Final Thought:

If God knows us so well, and He is sovereign over all, what keeps us from resting in the hope and comfort that He will guide our lives in the ways and the times that they should go?


Leave a comment

A Tale of Three Kings – Chapter 22

The Mars Hill staff is in a series of devotionals drawn from the book, A Tale of Three Kings by Gene Edwards. We share highlights from the book each week, but we invite you to get a copy and read along with us. The drama is a multi-act play telling the stories of three kings. It is a portrait of submission and authority within the Kingdom of God; offering hope and healing to the spiritually wounded.

Chapter Twenty-Two

As a young shepherd boy, David did a lot of watching and waiting. He would certainly lead his flock to water or to grassy areas, but once arrived, there was much waiting. Waiting for the sheep to drink and eat.  Watching out for predators. Thinking about where to graze next. It is easy to see how this job lent itself to learning about God through observing nature and pouring out his own heart back to God.

David certainly knew that there were animals in his realm that would love to feast on one of his charges. But he did not have to go looking for these enemies, instead, he used his alone time to prepare himself for when they would eventually attack.

Chapter 22 of our book finds King David and Joab discussing what to do about the growing rebellion of his son, Absalom. As the general of the king’s armies, Joab was used to being a man of action. Thus, he queried the king what should be done about Absalom. King David says that he has no plan and will do as he always has; he will do nothing.

In our discussion of this situation, we concluded that David was not timid or without a plan because of fear. We know that he was a capable warrior and that he certainly had the position as king to thwart a rebellion. However, we believe that David also had an understanding of Psalm 46:10 which says, “Be still, and know that I am God. I will be exalted among the nations, I will be exalted in the earth!”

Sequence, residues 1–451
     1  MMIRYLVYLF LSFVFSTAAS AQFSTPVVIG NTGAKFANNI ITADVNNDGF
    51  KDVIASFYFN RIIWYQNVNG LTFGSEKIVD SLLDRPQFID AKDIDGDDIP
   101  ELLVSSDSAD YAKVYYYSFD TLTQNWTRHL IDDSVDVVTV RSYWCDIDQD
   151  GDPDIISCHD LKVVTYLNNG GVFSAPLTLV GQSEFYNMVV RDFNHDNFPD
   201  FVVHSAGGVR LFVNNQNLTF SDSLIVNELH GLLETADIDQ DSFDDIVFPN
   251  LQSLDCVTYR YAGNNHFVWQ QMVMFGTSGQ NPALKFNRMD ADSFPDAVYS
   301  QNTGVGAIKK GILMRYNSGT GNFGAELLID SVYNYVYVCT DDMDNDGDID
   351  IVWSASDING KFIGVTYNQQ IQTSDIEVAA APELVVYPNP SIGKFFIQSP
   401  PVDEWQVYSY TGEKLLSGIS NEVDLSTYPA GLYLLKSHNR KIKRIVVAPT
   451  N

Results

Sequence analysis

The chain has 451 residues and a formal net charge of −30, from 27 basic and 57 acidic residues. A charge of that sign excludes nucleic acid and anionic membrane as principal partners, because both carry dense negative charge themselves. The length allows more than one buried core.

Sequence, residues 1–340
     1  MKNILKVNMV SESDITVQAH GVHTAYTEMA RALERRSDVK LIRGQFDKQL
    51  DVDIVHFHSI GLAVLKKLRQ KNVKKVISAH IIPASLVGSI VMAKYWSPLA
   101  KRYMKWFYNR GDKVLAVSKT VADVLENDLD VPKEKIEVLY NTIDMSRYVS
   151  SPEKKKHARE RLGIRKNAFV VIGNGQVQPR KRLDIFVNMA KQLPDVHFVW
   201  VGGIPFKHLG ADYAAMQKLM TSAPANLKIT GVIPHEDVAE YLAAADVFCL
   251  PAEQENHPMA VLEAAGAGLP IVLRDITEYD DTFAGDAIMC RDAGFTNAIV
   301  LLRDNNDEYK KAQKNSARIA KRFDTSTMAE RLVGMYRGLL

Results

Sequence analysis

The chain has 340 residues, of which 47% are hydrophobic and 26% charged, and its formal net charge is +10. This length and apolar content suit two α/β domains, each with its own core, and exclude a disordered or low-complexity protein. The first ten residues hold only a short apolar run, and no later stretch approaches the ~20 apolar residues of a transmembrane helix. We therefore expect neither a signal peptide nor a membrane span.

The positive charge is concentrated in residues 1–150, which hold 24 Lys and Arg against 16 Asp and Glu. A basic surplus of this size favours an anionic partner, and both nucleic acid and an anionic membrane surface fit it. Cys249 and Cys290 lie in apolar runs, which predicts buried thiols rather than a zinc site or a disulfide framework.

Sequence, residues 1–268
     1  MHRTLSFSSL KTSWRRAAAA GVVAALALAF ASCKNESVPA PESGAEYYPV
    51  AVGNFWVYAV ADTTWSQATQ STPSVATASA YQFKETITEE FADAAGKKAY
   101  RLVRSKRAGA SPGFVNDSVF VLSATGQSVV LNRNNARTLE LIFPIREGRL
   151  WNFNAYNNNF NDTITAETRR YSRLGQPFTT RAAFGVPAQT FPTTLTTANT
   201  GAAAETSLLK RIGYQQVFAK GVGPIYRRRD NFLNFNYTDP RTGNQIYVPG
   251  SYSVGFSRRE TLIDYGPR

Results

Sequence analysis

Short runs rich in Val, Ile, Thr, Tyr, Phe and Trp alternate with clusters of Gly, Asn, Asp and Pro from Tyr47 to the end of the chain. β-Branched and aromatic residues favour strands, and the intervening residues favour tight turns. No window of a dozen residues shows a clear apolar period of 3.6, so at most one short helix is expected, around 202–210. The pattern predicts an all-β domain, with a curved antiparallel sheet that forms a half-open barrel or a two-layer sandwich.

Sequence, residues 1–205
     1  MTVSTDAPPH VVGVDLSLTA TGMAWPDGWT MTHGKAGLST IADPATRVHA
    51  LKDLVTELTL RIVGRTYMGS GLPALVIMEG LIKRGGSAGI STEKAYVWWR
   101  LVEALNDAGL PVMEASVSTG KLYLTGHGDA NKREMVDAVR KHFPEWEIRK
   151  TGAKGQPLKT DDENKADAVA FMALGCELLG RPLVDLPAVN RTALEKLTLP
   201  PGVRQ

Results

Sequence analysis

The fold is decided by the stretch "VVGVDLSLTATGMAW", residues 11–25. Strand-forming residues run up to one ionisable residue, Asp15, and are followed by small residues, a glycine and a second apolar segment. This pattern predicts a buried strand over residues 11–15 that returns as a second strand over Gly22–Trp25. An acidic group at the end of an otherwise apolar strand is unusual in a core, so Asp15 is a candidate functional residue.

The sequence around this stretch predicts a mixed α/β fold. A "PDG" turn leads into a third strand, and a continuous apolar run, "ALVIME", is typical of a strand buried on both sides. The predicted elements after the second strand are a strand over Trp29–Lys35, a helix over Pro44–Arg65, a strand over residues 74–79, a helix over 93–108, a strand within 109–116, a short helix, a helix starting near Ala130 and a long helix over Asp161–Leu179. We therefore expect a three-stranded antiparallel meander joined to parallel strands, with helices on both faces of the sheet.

David had the realization that God was in control and if he were to step in and try to do something without clear direction from God, he might interfere with God’s plan.

Things to consider:

  • Are you able to “be still” and seek God in the face of opposition or trials?
  • Can you discern between the feelings of your soul or spiritual conviction? See Hebrews 11:1

In closing, read Psalm 5, which is a psalm of David. You will notice that in the presence of his enemies, David’s action is to take refuge in the Lord, his righteous defender!


Leave a comment

A Tale of Three Kings – Chapter 17

The Mars Hill staff is in a series of devotionals drawn from the book, A Tale of Three Kings by Gene Edwards. We share highlights from the book each week, but we invite you to get a copy and read along with us. The drama is a multi-act play telling the stories of three kings. It is a portrait of submission and authority within the Kingdom of God; offering hope and healing to the spiritually wounded.

Chapter Seventeen

Today we get to join with a young soldier and sit at the feet of a wizened old soul, one who had lived alongside David in the days before he was king and also the days of his rule. We can relate to the questions the young soldier asks about King David and his mighty men of valor. We may even come up with a few questions of our own, but the answers will give us all pause for thought.

Young soldier:  Are you, sir, one of David’s mighty men of long ago – one of those men of whom we have heard so much?